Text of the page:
HANG TIME HEADQUARTERS — Chris Bosh is gone.
Hedo Turkoglu is, too.
There aren’t any mixed feelings around here about the Toronto Raptors after a seemingly empty offseason that has seen them go from a bubble playoff team to rebuilding mode.
It’s time for a fresh start and Raptors GM Bryan Colangelo made that clear with the way cleaned up after Bosh’s departure to Miami (via free agency), where he’ll team with LeBron James and Dwyane Wade in a title chase that will be the envy of so many in Toronto and beyond.
The holdovers in T-Dot — a relatively motley crew including the likes of Andrea Bargnani, Jose Calderon, Jarrett Jack, DeMar DeRozan, Amir Johnson and Sonny Weems as well as newcomers Linas Kleiza, Leandro Barbosa, Ed Davis, Julian Wright, David Andersen and Solomon Alabi — will have to come together quickly if the Raptors want to erase the nasty taste of summer from the mouths of their fans.
Still, we have to ask, exactly whose team is this now?
Jack provided HT with some answers to that and more after a recent workout:
HANG TIME: It’s been a tough summer. What’s the internal outlook in terms of what kind of team you’ll put on the floor this season?
JARRETT JACK: It was rough when the trade got rescinded that was on the table with Charlotte. Basically, both teams agreed and then I guess at the last-minute it got refused. If we could have added Barbosa, Boris Diaw and Tyson Chandler to the team that we already had that would have given us a shot at being a legitimate team in the Eastern Conference. So I think that set us back a little bit. From what I understand we are still exploring some avenues to try to add to our team and hopefully we can make it happen. But if not, we’ll just have to go with what we’ve got.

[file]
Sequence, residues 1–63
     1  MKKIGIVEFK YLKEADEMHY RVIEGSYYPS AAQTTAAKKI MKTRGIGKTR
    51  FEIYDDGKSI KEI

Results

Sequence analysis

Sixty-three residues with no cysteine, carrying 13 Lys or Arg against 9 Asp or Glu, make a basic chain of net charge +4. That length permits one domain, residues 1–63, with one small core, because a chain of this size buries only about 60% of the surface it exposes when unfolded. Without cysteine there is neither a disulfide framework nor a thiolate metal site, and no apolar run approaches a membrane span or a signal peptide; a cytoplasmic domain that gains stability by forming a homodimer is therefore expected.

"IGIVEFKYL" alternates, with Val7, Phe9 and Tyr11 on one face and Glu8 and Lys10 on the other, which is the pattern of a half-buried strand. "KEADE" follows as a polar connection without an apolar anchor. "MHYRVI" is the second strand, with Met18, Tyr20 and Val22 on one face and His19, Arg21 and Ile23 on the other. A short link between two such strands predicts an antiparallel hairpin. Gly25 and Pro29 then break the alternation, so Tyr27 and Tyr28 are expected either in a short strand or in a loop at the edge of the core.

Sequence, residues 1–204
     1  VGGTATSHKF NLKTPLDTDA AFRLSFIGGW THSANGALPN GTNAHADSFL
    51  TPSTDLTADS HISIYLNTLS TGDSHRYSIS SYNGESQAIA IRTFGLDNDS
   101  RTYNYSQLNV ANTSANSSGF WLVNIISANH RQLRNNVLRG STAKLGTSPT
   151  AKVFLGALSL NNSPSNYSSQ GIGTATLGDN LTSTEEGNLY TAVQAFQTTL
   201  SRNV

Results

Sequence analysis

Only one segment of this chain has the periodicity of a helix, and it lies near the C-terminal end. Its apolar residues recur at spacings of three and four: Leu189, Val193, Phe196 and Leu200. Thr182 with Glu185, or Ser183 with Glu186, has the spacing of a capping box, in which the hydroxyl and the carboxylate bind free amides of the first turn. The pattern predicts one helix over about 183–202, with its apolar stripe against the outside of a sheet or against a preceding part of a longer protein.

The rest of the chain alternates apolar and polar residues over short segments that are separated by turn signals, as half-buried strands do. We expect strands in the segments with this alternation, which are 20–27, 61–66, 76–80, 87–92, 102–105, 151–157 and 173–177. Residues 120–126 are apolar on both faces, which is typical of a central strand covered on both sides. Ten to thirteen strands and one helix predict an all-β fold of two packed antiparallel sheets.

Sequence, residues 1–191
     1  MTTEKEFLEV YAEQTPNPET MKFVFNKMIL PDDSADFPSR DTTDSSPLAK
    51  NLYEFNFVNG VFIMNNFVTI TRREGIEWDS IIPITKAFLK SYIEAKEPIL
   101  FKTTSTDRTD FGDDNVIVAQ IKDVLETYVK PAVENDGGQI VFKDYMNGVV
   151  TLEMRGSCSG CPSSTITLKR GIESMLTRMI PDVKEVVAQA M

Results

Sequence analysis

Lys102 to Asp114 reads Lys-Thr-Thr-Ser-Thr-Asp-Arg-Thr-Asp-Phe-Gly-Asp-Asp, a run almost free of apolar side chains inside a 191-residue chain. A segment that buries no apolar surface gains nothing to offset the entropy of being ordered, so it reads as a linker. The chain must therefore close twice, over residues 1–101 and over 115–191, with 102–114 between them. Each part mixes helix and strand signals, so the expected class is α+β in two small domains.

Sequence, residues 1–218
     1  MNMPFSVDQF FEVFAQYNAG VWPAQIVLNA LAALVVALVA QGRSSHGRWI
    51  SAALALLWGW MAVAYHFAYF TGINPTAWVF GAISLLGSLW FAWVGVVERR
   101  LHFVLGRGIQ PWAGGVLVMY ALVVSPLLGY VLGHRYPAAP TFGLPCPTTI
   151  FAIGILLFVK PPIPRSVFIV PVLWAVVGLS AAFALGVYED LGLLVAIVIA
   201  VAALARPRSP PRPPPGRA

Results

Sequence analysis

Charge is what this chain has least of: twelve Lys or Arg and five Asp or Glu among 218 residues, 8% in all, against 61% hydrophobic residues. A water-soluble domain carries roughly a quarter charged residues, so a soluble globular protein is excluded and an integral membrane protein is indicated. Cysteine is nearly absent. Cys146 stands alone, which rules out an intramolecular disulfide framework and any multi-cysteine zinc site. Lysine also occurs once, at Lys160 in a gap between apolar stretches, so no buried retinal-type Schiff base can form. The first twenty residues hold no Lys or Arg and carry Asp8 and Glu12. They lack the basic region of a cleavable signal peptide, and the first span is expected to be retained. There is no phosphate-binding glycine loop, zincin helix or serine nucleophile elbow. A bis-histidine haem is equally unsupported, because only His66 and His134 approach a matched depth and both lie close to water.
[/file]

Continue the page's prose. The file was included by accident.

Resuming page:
HT: Going into the summer, when everybody was still in play in free agency, was there a feeling that even if you didn’t keep Chris (which seemed bleak even then) you’d get something in return to help rebuild this team?
JJ: Sure, assuming that Chris would just got traded straight up and it wasn’t going to be a sign and trade, we figured no human being in this lifetime was going to do something like that and leave $30 million on the table. But it was a situation where they worked it out and he didn’t leave $30 million on the table, we were able to get a trade exception back in exchange. We’re still trying to make some moves. And it’s not over until training camp starts. We’ve still got a little time, and it only takes a phone call and two sides to agree. So you never know how quickly things could change.
HT: You know they’re talking championship in Miami, Boston, Orlando, Chicago and places like that. What’s the attitude for a team like yours, when you know the climb is going to be much steeper than some of your competitors?
JJ: It’s definitely steeper. We just have to find our own identity, really. All these other teams have established stars and we have a pretty young group of guys. We have guys that really haven’t established themselves in the NBA yet. I think once we do that, once we establish ourselves individually and as a team, once we decide what brand of basketball we’re going to play night in and night out, we’ll be fine.
HT: When you are watching all that goes on in a wild and crazy summer like this, with players going from this team to that one and the balance of power shifting the way it did, how do you stay focused only on your team?